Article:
That’s all for today! Interested in more insights from the publishing house? I’m sure I’ll have tons more to share from everything I’m learning while working in fiction. Stay tuned!

Until next time,
Brianne

Advertisements

halloweeny books i want to read…(someday)

Isn’t Halloweeny just the best word?!?

I get joy from it, okay? Don’t gimme that look.

Just about everyone goes on and on about how this time of year is perfect for reading creepy, thriller, horror, Halloweeny books. And I don’t disagree! There are tons of said books that I would love to be picking up right now.

Except…it’s not going to happen. Simply because I have a bazillion other books I’ve been looking forward to, and I’m not very motivated to set those aside for seasonal reading.

SO. I’m putting this list together as more of a hypothetical one, although maybe it’ll actually be my TBR next Halloween? Who knows!

Read on for 8 Halloweeny books I want to read (someday).

Continue reading “halloweeny books i want to read…(someday)”

5 best times to read

Has there ever been a time when you were totally vibing with reading? You were immersed in your book, your surroundings were ideal, it was you and your book against the world?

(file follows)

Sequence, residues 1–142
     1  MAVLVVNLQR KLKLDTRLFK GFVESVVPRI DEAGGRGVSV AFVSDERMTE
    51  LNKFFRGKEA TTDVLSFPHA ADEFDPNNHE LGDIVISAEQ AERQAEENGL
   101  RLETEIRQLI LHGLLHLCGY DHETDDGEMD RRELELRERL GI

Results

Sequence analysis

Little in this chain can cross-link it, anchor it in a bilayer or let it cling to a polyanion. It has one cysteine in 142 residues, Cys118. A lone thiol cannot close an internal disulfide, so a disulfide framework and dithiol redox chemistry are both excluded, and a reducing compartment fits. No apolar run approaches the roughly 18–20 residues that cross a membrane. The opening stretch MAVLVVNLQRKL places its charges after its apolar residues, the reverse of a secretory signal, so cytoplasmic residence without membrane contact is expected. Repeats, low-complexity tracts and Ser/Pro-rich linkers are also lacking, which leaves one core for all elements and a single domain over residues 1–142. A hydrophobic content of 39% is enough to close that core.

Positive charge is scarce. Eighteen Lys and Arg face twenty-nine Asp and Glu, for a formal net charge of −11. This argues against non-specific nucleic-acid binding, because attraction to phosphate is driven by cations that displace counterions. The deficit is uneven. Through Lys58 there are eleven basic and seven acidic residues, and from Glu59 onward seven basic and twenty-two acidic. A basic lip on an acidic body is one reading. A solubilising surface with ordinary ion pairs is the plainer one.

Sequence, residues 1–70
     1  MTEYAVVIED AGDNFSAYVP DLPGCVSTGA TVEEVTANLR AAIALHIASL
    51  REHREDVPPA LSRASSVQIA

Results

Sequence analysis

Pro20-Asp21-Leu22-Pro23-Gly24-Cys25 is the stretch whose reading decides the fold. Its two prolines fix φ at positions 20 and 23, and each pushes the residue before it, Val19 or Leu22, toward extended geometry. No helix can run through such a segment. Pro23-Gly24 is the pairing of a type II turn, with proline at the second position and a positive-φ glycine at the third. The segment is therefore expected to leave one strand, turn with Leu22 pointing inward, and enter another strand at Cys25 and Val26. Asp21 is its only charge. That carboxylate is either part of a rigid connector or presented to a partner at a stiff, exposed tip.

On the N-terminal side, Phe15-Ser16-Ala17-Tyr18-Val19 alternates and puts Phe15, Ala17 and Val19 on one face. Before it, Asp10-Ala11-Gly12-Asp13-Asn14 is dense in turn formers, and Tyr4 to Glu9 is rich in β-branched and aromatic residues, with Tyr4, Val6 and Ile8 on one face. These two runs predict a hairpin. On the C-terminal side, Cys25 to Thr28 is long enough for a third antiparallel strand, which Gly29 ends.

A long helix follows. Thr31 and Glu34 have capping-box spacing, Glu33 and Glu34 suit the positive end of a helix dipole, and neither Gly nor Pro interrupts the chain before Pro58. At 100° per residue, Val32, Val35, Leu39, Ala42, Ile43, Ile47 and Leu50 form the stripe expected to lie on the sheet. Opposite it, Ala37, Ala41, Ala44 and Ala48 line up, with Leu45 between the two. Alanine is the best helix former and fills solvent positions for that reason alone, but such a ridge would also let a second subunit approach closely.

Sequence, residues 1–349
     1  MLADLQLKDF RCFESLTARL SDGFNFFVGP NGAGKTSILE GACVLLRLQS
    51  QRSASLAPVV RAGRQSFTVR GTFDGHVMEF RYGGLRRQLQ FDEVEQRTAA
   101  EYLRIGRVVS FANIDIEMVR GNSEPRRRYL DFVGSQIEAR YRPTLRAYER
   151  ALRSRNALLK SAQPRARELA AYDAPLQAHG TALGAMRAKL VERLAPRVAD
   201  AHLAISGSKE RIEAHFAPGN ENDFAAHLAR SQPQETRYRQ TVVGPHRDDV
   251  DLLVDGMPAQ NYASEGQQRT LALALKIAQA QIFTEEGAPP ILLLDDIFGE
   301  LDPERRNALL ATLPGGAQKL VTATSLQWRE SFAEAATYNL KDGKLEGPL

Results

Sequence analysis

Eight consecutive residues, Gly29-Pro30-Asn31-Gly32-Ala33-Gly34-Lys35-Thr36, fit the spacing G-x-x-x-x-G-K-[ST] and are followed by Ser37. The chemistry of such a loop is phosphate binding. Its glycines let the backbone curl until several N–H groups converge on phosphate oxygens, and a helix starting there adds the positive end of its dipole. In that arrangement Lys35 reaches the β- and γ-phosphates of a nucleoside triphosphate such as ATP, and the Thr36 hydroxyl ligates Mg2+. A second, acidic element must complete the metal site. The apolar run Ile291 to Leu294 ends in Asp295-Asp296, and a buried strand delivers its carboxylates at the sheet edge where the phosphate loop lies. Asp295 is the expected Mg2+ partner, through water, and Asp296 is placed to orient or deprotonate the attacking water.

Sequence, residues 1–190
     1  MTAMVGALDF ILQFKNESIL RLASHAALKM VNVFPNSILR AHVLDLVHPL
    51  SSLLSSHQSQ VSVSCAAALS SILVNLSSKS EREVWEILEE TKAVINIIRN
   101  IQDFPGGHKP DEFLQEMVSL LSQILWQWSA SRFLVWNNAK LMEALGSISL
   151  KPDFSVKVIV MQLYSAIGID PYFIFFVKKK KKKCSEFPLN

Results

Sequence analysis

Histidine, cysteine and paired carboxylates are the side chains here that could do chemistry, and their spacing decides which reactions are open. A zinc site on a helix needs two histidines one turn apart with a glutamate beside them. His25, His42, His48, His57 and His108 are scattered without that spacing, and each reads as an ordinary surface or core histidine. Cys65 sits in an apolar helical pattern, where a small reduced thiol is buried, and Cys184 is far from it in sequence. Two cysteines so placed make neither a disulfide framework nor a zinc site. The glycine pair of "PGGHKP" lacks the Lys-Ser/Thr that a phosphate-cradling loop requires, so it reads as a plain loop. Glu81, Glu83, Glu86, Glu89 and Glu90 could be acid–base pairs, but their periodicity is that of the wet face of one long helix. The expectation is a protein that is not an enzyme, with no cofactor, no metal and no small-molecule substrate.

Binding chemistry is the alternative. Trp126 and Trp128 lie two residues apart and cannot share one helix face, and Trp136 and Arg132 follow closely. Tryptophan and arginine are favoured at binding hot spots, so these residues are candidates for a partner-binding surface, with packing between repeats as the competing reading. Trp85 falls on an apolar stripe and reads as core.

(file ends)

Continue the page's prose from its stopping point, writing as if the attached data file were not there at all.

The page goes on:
Hey, me too! I’ll feel very sad for you if you haven’t.

As a bookish and inquisitive person, I’ve observed over the years that there are certain times of day in which I’m most likely to achieve said vibes with reading. When nothing is wrong with the world (at least in my bubble) and the reading is good. Five of those times stand out as the very best.

Read on, and perhaps you’ll experience some excellent reading vibes in your future.

>>>>>>>>>>>>>>>>>>>>>>>>>>>>>>>>>>>>>>>>>>>>>>>>

  1. First thing in the morning

    If you are lucky (like me), you have lazy mornings all week long. Mornings in which you wake up at a Normal Human Being hour (never before 7:00am), you’re not in a rush to get anywhere because work or school starts later in the day, and you have some time to putz around. Instead of putzing, I suggest reading.